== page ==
The world may be increasingly divided by ideology and rhetoric, but one indisputable truth binds us all: we depend on the priceless ecosystem services generously bestowed upon us by nature. Among these gifts are the essential elements of life — clean air, fresh water, fertile soil, green spaces, and a stable climate. These are just a few of the countless benefits nature provides.
From the intrepid trek fishermen navigating the waters of False Bay to the avid hikers traversing serene forest trails, from the diligent maize farmer to the participants in the sacred reed ceremony in Eswatini, the threads of our lives and economies are intricately woven into the tapestry of our environment’s well-being. Unfortunately, it’s often not until these services are taken away from us that we appreciate them.
Let’s not forget how many vacation plans were crushed and how the local economy was shattered by the “critical” E. coli levels along Durban’s coastline last year. Ensuring the sustainability of nature’s gifts for future generations requires a deviation from the status quo: something Ulysse Nardin understands. It is redefining not only watchmaking but also its relationship with nature.
In the luxury industry, a growing number of watch brands acknowledge the perilous threats mismanagement and unsustainable production and consumption patterns pose to these invaluable services. Ulysse Nardin, positioning itself as a guardian of both time and the ocean, traces its deep-rooted connection to the sea to 1846, with the introduction of its first precision marine chronometers. More recently, it has embarked on a mission to combat the plastic crisis, partnering with the Plastic Odyssey laboratory ship on a transformative three-year voyage that began last year in the Mediterranean and is charting a course along the coasts of West Africa, Latin America, Asia-Pacific, and East Africa.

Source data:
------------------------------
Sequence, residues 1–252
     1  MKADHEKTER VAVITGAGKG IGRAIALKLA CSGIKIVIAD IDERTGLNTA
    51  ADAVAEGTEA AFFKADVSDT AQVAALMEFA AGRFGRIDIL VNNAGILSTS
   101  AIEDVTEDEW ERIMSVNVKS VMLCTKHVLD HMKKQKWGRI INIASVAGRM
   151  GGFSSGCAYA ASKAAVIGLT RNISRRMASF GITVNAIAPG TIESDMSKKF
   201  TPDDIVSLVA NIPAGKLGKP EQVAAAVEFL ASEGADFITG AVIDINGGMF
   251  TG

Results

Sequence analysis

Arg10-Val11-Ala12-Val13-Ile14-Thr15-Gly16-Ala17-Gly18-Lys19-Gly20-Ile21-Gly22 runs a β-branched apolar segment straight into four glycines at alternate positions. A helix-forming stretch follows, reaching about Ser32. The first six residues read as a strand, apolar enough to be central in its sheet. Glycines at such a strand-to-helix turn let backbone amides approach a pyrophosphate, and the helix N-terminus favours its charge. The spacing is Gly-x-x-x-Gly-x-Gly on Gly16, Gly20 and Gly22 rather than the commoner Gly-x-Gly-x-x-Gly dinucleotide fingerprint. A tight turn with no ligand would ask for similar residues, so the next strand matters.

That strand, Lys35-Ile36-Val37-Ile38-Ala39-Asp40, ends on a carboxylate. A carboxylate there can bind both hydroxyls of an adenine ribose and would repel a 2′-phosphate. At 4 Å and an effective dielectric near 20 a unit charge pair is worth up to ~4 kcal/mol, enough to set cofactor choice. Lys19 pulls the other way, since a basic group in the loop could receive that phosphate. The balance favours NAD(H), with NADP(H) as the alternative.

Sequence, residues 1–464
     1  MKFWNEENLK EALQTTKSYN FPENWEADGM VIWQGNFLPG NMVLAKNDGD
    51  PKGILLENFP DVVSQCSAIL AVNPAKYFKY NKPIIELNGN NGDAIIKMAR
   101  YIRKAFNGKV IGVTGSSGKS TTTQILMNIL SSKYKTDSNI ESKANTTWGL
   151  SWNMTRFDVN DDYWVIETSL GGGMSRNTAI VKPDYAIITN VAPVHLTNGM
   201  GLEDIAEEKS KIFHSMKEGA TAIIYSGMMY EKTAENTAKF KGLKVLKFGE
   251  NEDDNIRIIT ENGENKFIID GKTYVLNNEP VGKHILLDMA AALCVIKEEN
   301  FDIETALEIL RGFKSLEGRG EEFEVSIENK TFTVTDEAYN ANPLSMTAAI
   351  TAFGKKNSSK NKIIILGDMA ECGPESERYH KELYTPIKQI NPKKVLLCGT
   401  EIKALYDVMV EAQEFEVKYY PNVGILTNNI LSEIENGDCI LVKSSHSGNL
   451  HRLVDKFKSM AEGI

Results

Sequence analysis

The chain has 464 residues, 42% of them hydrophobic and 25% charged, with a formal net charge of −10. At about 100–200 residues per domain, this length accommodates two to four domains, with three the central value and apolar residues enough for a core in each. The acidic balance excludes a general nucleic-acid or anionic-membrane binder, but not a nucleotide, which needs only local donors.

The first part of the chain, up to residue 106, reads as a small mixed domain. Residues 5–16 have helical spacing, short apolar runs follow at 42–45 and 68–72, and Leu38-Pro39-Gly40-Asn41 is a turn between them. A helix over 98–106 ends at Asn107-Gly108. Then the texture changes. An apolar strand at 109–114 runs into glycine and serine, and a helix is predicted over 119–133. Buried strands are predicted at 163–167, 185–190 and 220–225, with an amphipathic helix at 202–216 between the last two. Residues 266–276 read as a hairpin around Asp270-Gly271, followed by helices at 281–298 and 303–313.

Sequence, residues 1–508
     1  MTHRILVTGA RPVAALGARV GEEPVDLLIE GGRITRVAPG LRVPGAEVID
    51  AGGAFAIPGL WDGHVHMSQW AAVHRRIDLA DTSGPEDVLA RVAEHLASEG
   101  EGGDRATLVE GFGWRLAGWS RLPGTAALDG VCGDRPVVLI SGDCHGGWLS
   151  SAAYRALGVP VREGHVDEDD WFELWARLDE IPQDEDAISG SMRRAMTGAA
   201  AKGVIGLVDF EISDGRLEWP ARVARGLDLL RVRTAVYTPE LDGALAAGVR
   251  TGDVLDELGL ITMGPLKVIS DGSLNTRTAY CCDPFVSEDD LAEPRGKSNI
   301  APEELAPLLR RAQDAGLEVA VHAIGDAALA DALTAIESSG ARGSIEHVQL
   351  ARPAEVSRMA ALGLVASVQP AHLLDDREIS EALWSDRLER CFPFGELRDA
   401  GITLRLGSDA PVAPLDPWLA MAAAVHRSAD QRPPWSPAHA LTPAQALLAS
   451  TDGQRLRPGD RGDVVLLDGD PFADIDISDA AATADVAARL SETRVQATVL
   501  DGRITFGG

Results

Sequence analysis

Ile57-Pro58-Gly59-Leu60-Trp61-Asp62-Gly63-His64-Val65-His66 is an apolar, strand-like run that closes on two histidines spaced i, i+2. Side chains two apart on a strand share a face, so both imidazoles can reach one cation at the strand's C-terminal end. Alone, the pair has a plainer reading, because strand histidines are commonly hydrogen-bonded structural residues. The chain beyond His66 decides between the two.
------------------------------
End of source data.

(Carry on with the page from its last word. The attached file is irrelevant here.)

A testament to this commitment, the Ocean Race Diver Watch emerged as a pioneering diver collection crafted from upcycled fishing nets in the same year. As the “Time to Act” partner of The Ocean Race — the “ultimate ocean marathon” celebrating its 50th anniversary this year — it jointly promotes the responsible use and conservation of our oceans through action, an award-winning sustainability programme, and scientific research aligned with the United Nations’ Sustainable Development Goal 14: “Life below water.” Milestone dates have been set to keep the mission on track and the first date for positive results is 2030.
The new Freak One is the scion of the instantly recognisable Freak watch with “no dial, no hands, and no crown” launched 22 years ago. The Freak 2001 was also the first wristwatch to use a natural escapement with silicon parts. Perpetuating the disruptive design codes of the original, the Freak One is a celebration of mechanics with its in-house calibre UN-240 automatic movement taking centre stage to convey the time on its own. With a 90-hour power reserve, its orbital flying-carrousel tourbillon, rotating on its own axis and featuring an oversized silicon oscillator, counts the minutes through a full rotation while a V-shaped indicator on a black sunray-engraved barrel cover points to the hours.
The escapement is finished with DIAMonSIL, a patented plasma treatment made from silicon and synthetic diamonds to ensure that the movement is abrasion- and shock-resistant. Time is set through the bezel made from pink gold, which is 100% ethically sourced through Responsible Gold and follows a chain-of-custody procedure with blockchain-based proof of provenance and traceability.
Ulysse Nardin is also committed to more circular manufacturing processes, with the integrated rubber strap on the Freak One made of 30% recycled production waste. On the case back is the patented Grinder winding system with its rotor linked to a four-blade frame, ensuring double the efficiency of a regular winding system.
44mm black DLC titanium Freak One, US$68 600 (around R1.3-million)
• From the October edition of Wanted, 2023.